I may be mistaken but the discussion (which I took part in) was about changing the default block size, not specific cases.
I hope to hear from an administrator, as I'm also interested.

Offline hiro

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Re: upx for large executables?
« Reply #8 on: May 16, 2024, 05:28:57 PM »
increasing the block size will lead to more stuff being loaded into ram unnecessarily. there's a good reason it's at 4k right now.
more useful would be to figure out how to minimize data getting cached twice (once in compressed form and once uncompressed).
but there's diminishing returns in all of this. our current system is plenty good already, maybe find something else to hack on :P

Offline curaga

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Re: upx for large executables?
« Reply #9 on: May 17, 2024, 01:01:03 AM »
I may be mistaken but the discussion (which I took part in) was about changing the default block size, not specific cases.
I hope to hear from an administrator, as I'm also interested.

The block size was fixed at 4k for the 32bit platforms, but larger sizes are acceptable on the 64-bit ones. The RAM hit is quite different on a 64mb system vs a 4gb one. That is, if you're maintaining some big extension for x86-64 or arm64, and it significantly benefits, it's fine to send it with a larger block size.
The only barriers that can stop you are the ones you create yourself.

Offline neonix

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Re: upx for large executables?
« Reply #10 on: May 17, 2024, 07:34:27 AM »
upx -9 is gzip compression. All x86_64 cpus are so powerfull that you don't see a difference with gzip.

Try upx --ultra-brute and tell us what is the result when you use browser for many hours. How much RAM you have in your PC? How much RAM typical 64-bit TC user has?

On old wiki there was recomendation to use upx when you create new tczs. But it was in upx-9 era, now we have lzma era.

If you want for sure, how upx works, you need to read documentation or upx source code.
As far as I remember, compressed (upxed) program is decompressed in RAM on the fly (I don' sure about lzma) and it don't impact RAM in negative way. More pros than cons.

There's no way to change anything in tcz block compression, there's more cons than pros.
« Last Edit: May 17, 2024, 07:40:51 AM by neonix »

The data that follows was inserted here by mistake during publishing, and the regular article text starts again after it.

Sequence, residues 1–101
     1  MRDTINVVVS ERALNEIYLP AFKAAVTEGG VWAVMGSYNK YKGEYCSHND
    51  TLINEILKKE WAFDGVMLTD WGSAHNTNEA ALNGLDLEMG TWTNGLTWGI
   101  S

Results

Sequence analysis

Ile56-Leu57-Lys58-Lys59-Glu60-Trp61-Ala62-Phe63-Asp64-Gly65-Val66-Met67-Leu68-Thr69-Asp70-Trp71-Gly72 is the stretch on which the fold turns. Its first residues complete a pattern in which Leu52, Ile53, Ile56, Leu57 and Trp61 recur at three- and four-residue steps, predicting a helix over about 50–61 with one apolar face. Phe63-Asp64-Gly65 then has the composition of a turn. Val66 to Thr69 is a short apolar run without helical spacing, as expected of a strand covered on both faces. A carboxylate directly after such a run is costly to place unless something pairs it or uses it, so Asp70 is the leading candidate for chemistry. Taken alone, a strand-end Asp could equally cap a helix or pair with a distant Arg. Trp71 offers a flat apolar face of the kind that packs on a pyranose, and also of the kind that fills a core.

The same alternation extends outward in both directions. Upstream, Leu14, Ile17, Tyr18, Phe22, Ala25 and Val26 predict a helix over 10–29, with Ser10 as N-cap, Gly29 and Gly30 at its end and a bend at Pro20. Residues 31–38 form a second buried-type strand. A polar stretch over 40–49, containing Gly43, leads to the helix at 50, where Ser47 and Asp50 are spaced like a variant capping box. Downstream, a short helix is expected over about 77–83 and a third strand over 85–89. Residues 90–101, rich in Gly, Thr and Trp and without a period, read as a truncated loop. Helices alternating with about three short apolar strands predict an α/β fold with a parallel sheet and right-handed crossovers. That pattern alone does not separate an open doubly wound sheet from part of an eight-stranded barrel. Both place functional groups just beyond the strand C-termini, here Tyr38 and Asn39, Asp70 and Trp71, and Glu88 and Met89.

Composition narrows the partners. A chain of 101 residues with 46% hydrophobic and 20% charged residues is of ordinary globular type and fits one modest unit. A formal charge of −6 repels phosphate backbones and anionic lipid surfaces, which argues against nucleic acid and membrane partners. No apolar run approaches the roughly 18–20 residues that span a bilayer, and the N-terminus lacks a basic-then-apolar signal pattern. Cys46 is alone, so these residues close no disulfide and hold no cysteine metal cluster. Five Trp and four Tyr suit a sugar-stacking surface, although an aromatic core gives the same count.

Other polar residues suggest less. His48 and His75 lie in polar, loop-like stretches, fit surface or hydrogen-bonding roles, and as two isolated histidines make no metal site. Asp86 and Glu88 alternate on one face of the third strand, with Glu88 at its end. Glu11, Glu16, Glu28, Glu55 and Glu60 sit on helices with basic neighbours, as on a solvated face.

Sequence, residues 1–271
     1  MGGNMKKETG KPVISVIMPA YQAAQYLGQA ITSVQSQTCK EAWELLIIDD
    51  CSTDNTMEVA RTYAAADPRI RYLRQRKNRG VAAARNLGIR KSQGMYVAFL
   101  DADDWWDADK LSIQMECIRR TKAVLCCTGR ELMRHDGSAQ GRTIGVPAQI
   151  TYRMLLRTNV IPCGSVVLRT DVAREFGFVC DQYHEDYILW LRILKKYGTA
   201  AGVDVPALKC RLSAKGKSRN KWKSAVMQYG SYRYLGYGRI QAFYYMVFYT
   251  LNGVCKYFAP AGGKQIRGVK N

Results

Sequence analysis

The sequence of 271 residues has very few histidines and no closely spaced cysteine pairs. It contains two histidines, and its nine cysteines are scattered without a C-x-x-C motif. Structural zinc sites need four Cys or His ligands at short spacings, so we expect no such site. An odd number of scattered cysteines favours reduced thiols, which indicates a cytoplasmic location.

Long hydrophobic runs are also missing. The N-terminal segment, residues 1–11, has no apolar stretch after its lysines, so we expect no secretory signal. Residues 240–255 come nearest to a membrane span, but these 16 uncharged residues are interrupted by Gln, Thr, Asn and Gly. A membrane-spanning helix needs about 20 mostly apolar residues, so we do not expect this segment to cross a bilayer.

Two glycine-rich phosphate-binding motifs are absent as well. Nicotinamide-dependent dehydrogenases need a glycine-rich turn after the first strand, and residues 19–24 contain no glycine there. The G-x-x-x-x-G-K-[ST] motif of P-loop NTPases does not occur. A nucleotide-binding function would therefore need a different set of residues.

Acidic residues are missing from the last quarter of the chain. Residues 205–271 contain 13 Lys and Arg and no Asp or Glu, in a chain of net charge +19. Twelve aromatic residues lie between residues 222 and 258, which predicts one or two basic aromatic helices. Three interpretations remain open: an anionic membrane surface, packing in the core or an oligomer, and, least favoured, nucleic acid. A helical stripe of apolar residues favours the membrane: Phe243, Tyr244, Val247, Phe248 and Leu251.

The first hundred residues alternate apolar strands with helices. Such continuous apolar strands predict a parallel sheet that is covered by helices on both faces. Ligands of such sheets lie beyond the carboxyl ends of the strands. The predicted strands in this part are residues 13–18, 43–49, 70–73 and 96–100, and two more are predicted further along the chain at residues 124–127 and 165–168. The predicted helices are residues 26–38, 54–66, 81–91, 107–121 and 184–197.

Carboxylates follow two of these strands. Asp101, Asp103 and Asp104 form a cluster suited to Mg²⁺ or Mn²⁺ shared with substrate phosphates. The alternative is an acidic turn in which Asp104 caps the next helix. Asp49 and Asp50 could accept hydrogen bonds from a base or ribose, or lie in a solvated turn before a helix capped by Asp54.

Offline hiro

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Re: upx for large executables?
« Reply #11 on: May 17, 2024, 07:38:49 AM »
can you back it up with real numbers?
i still didn't see any meaningful benchmarks.
i assume it's because you didn't try it out at all, you're just running your ideas by us. but next time, if you don't intend to run the experiment please at least put this into a disclaimer and don't pretend you know already the outcome of the experiment.

Offline GNUser

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Re: upx for large executables?
« Reply #12 on: May 17, 2024, 07:49:45 AM »
Hi CardealRusso. I can reproduce your experiment: If I squash brave-browser without specifying block size (i.e., using the 4K default), extension size is 180 MiB. If I squash using 64K block size, extension size is 155 MiB.

Hi curaga. I will follow your advice. For large extensions being submitted for x86_64 repo, I will check if there is significant benefit to using a block size larger than the 4K default. Is there a block size you would recommend as a sweet spot for x86_64 architecture? 64K? 128K?

Offline curaga

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Re: upx for large executables?
« Reply #13 on: May 17, 2024, 08:07:44 AM »
It depends on the data being compressed, can't really give a number.
The only barriers that can stop you are the ones you create yourself.

Offline GNUser

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Re: upx for large executables?
« Reply #14 on: May 17, 2024, 08:15:21 AM »
Fair enough. Is there at least a range of sizes that you would consider to be reasonable?

EDIT: I just need a range to guide experimentation. I don't want to go above a block size that would be considered ridiculous ;D
« Last Edit: May 17, 2024, 08:20:35 AM by GNUser »